Transitioning back to my house husband role was easier than expected.
The new high-tech washing machine that Ellen bought turned out to be cooperative and friendly. It even sings a little song at the end of each load, which is far more pleasant that the roaring, meaty farts offered up by the dryer.
I cleaned out the refrigerator — throwing away the squishy things that were supposed to be crisp and the crispy things that were supposed to be squishy.
And I reworked Ellen’s filing system; that is to say I “filed” and created a “system.”
After removing the old and unneeded documents from these files, I found myself with a stack of paper about four inches high.
My son, Alex, stopped me on my way to the shredder. “Don’t shred them,” he scolded. “Burn ’em!” This idea seemed slightly psychotic, but Alex quickly clarified: “Burn ’em in the chiminea!”
“Oh,” I replied. “That’s right. We have one of those.”
For those not in the know, a chiminea is a semi-portable chimney that lets you have a fire outside but doesn’t let you use that fire to make burgers. To put it another way, chimineas are dumb. Unfortunately they are not obviously dumb. A chiminea’s dumbness doesn’t reveal itself until after you lose the receipt.
Ellen and I bought this big, dumb thing for sentimental reasons. We both grew up in houses with fireplaces. We loved those fireplaces. Since the house we now live in doesn’t have a fireplace, we bought the chiminea thinking it would help us to recapture some fond, childhood fireplace memories.
But here’s the thing: all of those fond, childhood fireplace memories were indoors. On the days Ellen and I wanted to build fires (very cold days), we didn’t want to build fires in the chiminea. Because the chiminea was outside. And it was very cold out there.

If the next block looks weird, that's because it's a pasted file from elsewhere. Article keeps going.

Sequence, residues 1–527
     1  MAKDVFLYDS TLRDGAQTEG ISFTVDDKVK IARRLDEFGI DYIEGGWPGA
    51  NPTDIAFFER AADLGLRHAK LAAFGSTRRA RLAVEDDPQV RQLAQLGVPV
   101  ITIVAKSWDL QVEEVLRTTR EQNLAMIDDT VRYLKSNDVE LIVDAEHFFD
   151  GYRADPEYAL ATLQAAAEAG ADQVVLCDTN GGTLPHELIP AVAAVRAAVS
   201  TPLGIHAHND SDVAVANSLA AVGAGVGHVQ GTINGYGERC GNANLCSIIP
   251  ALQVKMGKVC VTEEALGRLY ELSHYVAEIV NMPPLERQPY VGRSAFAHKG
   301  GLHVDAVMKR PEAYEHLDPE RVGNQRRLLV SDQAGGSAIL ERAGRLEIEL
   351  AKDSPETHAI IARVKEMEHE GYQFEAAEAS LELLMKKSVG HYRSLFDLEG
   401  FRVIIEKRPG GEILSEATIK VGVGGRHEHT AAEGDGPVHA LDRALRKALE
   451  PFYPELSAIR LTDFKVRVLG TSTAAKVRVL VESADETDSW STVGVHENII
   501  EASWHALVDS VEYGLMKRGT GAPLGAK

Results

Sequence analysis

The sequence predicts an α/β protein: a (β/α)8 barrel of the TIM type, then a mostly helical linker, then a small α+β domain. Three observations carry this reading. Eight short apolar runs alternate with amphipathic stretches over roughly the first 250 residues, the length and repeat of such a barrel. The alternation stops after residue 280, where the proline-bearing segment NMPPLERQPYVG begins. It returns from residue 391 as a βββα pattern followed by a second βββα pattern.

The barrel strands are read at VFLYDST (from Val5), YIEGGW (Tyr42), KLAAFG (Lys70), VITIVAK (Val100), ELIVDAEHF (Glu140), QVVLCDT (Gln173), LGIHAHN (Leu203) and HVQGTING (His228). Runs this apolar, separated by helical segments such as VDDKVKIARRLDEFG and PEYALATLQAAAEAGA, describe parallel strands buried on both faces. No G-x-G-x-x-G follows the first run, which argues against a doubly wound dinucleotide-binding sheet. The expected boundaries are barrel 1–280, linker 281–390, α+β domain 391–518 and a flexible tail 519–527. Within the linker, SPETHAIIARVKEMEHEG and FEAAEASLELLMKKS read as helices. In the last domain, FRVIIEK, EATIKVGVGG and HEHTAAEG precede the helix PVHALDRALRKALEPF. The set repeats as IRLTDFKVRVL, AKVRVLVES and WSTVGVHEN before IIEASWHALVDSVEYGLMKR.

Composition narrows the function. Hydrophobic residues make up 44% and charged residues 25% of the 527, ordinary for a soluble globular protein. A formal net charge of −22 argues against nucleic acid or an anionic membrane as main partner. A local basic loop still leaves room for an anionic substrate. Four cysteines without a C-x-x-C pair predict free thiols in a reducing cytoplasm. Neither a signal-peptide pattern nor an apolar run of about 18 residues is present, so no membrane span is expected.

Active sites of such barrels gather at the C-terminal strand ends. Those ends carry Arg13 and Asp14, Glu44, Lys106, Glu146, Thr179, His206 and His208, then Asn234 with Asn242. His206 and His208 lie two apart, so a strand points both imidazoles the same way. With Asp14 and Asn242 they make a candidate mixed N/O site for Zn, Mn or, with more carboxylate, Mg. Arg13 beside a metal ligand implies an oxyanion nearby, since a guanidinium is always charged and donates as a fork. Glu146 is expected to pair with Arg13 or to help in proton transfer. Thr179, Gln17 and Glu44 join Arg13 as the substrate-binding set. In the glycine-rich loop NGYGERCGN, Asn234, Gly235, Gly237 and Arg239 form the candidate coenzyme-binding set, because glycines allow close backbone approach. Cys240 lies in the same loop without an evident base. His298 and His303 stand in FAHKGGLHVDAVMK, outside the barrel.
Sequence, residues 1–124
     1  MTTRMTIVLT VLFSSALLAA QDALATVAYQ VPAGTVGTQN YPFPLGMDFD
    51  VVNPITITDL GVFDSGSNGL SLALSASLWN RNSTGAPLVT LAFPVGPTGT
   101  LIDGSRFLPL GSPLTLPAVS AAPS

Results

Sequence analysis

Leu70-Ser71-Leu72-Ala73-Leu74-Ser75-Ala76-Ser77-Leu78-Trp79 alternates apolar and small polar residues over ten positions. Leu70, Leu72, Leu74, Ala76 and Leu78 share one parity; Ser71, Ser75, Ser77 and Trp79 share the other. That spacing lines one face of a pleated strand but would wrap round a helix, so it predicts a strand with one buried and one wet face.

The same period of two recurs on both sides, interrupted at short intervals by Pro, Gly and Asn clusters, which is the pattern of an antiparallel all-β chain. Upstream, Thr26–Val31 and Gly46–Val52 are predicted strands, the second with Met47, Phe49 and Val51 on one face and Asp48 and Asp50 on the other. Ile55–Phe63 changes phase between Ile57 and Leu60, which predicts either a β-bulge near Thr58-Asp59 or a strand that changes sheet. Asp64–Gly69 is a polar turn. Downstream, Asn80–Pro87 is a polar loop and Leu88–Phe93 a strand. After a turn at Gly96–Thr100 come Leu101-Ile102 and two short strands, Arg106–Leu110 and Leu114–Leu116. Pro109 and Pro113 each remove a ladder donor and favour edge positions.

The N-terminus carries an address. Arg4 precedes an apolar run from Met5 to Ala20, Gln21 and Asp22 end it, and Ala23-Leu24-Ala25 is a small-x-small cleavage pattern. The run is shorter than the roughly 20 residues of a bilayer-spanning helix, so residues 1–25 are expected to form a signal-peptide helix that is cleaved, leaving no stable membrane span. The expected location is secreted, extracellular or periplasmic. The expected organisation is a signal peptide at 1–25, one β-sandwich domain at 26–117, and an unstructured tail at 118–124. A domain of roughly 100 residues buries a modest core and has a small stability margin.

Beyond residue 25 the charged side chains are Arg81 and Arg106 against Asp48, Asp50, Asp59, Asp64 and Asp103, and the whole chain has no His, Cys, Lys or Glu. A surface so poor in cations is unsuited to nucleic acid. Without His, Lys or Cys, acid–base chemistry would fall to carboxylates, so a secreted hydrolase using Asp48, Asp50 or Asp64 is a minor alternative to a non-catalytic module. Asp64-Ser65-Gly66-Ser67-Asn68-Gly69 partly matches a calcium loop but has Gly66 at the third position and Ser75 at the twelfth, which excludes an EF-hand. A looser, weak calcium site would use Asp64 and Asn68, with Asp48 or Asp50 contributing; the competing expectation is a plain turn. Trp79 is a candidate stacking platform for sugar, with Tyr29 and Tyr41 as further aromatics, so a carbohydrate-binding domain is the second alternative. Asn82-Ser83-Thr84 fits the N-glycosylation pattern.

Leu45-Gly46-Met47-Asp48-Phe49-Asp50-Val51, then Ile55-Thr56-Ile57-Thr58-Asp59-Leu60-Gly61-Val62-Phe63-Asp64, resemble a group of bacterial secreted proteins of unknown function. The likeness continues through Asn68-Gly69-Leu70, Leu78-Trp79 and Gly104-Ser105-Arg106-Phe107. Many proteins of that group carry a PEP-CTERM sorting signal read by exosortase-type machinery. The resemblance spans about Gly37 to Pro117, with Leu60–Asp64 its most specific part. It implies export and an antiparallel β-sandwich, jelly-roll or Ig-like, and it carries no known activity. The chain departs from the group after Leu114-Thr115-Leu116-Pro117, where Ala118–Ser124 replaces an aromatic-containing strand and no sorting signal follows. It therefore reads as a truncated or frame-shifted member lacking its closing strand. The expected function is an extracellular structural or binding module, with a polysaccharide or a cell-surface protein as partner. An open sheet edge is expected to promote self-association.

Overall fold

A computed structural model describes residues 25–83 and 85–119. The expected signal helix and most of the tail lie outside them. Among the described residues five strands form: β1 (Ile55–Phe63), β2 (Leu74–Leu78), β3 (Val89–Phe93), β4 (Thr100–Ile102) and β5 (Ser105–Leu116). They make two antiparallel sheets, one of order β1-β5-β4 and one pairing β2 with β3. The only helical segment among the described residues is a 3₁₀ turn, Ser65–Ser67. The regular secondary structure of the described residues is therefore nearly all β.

Building a fire in the chiminea when the weather was warm didn’t make much sense, either. We didn’t want a fire when it was warm. Unless we could use that fire to cook burgers. And chimineas don’t cook burgers.
So I dumped the chiminea in the far corner of the yard and sort of forgot about it.
“I have stuff to burn, too!” Alex exclaimed.
Last year, Alex was a fifth grader. It was not a happy year. So he dug out all of his fifth grade homework assignments, quizzes, and art projects and added them to my pile.
Alex’s enthusiasm was contagious. Suddenly, I wanted to collect crap from my past and burn it. And the first thing to go was my NJCU employee manual.
Ellen got swept up in the pyromania, too. She dug out every scrap of evidence that she taught middle school in East Orange. That job was — hands down — the worst job she had ever had.
Suddenly my four inches of burnable paper turned to eight inches, then 10, then 12.
This was getting awesome.
I dumped the stacks and stacks of paper in the chiminea. As I did so, the idea of owning a chiminea began to make sense to me. A chiminea fire is not for warmth. It’s not for ambiance. And it’s certainty not for cooking burgers. A chiminea fire is a way to metaphorically purge an unpleasant past. It’s a way to celebrate newfound good fortune.